The positive parameters k1, k2 and k3 represent the production, consumption and natural decay rates of pro-angiogenic factors, respectively, where is the hypoxic oxygen threshold for their production by glioma cells. is a continuous approximation of the Heaviside decreasing step function H(ξ), defined as H(ξ) = 1 if ξ ≤ 0 and H(ξ) = 0 if ξ > 0, given by

where θ is a positive parameter that controls the steepness of at . More precisely, models the production of pro-angiogenic factors by glioma cells when the oxygen concentration σ is lower than the hypoxic oxygen threshold .

Density of functional tumour vasculature, v(x, t)

Histopathological studies have shown that the vascular structure and function in brain tumours is markedly abnormal17,18,58. Gliomas, and particularly glioblastomas, are known to have blood vessels of increased diameter, high permeability, thickened basement membranes and highly proliferative endothelial cells15, see Fig. 1(B). Due to such abnormalities, a significant fraction of the tumour-associated vasculature does not constitute functional blood vessels15. Based on these facts, we only consider functional vascularisation instead of modelling the complete tumour vascular network. Accordingly, we assume that the density of functional tumour vasculature is a dimensionless and normalised quantity with values in the interval [0, 1]. The normal density of functional blood vessels in the normal brain tissue is taken as v = 1/2. Thus, the limit case v = 0 represents an avascular tissue, while on the contrary v = 1 describes a hypothetical scenario characterised by excessive vascularisation.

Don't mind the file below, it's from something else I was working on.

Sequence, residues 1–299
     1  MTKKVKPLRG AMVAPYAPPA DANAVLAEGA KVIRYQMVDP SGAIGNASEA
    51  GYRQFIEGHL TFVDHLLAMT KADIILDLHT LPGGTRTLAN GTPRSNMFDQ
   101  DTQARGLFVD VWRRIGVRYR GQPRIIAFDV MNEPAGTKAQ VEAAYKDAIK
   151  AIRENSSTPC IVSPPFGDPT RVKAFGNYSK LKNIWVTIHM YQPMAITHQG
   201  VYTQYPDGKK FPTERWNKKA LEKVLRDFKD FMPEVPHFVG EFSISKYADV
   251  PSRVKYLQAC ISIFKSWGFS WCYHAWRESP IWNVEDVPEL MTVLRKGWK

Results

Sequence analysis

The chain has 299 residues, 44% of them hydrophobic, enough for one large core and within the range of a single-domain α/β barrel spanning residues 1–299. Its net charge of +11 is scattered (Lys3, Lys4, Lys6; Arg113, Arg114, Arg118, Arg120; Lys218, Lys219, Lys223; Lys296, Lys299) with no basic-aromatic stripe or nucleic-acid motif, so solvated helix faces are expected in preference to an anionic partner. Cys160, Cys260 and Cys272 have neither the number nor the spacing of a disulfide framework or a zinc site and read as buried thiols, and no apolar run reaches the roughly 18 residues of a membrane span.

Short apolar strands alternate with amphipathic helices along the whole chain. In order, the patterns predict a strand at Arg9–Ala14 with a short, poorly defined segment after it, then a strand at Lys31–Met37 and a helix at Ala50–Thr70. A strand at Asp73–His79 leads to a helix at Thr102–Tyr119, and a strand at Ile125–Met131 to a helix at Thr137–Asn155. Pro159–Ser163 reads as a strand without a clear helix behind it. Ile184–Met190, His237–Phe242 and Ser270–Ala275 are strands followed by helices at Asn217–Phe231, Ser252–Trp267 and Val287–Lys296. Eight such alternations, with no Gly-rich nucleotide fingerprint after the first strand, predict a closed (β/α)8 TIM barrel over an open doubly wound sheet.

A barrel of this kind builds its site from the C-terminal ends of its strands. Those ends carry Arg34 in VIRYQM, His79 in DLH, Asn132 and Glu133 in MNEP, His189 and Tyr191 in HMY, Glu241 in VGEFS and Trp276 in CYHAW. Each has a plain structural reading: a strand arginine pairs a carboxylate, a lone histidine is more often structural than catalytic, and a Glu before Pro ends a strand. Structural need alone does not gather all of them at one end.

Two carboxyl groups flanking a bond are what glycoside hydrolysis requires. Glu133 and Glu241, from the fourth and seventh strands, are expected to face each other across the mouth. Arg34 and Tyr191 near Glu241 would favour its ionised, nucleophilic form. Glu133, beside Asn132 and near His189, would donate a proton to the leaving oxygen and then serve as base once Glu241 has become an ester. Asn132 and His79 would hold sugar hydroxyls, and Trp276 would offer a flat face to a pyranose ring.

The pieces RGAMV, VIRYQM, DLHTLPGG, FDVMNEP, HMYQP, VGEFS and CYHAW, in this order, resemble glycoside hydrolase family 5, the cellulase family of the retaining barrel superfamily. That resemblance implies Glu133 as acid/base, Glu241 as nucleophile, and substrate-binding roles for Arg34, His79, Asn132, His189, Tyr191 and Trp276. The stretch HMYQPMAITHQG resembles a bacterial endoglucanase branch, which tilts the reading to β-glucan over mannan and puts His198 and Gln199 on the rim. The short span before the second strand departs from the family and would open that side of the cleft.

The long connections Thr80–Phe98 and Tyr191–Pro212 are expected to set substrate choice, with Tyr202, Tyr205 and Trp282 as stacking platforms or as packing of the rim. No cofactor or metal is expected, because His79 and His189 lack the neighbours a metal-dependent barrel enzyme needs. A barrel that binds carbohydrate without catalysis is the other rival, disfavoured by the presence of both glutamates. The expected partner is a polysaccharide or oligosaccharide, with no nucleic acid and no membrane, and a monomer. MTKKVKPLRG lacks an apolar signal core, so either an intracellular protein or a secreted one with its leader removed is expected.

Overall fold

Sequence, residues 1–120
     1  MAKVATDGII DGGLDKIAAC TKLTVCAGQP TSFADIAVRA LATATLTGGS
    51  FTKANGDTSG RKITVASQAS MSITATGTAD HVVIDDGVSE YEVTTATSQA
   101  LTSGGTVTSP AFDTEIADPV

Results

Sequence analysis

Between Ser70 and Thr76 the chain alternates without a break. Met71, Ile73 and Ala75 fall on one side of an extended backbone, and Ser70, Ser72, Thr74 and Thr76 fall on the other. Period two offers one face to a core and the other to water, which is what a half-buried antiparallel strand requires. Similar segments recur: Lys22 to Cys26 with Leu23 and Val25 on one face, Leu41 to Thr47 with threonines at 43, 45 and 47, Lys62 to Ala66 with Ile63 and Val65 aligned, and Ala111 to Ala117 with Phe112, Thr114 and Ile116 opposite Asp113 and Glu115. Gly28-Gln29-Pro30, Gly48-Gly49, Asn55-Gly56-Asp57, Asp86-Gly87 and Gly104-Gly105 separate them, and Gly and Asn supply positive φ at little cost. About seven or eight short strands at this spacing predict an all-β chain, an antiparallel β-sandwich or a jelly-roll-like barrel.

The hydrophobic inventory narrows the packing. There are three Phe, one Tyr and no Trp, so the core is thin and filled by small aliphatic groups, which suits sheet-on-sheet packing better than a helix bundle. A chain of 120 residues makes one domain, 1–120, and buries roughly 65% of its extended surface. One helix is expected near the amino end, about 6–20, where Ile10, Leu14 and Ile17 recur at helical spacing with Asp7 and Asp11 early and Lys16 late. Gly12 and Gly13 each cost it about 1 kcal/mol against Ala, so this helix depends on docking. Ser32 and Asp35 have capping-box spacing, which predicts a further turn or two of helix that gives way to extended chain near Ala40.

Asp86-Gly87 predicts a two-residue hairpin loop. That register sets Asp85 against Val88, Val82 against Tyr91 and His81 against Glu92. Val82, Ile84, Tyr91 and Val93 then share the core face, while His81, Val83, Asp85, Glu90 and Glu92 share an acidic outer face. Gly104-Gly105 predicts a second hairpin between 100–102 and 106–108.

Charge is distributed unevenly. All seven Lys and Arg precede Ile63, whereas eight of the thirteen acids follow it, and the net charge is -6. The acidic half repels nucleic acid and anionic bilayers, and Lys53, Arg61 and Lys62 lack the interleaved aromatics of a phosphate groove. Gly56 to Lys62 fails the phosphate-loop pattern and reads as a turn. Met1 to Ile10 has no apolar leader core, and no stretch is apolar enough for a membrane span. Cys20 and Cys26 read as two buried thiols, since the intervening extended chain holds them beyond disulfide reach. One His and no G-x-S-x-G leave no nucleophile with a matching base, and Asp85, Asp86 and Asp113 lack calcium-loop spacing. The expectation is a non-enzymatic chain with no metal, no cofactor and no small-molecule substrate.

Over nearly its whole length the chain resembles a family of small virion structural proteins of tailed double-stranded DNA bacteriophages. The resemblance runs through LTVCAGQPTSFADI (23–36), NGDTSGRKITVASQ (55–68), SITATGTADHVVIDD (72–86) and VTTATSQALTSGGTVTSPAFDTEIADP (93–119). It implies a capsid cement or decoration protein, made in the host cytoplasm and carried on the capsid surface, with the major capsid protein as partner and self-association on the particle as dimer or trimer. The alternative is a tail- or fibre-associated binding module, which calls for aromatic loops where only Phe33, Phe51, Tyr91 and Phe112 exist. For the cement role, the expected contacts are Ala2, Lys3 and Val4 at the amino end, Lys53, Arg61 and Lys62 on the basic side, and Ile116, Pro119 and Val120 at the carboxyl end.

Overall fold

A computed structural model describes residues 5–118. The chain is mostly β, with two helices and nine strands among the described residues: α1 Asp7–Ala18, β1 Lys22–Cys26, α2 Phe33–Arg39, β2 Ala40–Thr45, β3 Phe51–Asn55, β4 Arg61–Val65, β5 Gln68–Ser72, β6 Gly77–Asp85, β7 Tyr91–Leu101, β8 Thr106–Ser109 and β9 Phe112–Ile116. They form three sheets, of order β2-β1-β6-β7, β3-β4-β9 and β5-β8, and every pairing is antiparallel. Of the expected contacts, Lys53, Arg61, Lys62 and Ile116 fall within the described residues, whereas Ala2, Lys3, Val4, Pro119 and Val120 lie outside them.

Blood vessels in gliomas are not stable, being continuously formed, occluded and destroyed. Neovascularisation takes place by different angiogenic and vasculogenic processes induced by complex signalling mechanisms that are not well understood11,66,67. For simplicity, we assume that tumour blood vessels are created when pro-angiogenic factors prevail anti-angiogenic stimuli, i.e. for a > 0, leading to the formation of new functional vasculature according to a logistic growth term. The rate at which functional tumour vasculature is generated follows the Michaelis-Menten kinetics depending on the pro-angiogenic factor concentration, where a constant dispersal rate of endothelial cells (vasculature) is assumed. Notice that the Michaelis-Menten term is commonly used to model a saturating response at high doses in biological systems22,63,68. On the other hand, we consider that mechanical or chemical cues in regions of high glioma cell density induce blood vessel occlusion or collapse19,23,60. Vaso-occlusion is then modelled by a power law dependence on the density of glioma cells. The equation for the density of functional tumour vasculature v(x, t) is given by

where again the temporal t and spatial x coordinates in the arguments of variables have been omitted for notational simplicity. Dv is the diffusion coefficient representing the net dispersal of tumour vasculature, g1 is the formation rate of functional blood vessels, μ is the pro-angiogenic factor concentration at which g1 is half-maximal, g2 is the vaso-occlusion rate and n is a parameter that regulates the degree of blood vessel occlusion depending on the density of glioma cells. The vaso-occlusion term, g2n, models the mechanical pressure exerted on blood vessels in regions of high glioma cell density, see the Supplementary Material for further details. When the intratumoural cellular pressure exceeds a critical threshold, massive tumour blood vessel collapse occurs32,69. However, prior to this critical stress threshold, blood vessel collapse is moderate69. In particular, we assume that vaso-occlusion only occurs for glioma cell densities greater than N/2, where N is the brain tissue carrying capacity60. The parameters Dv, g1, μ, g2 and n are positive constants.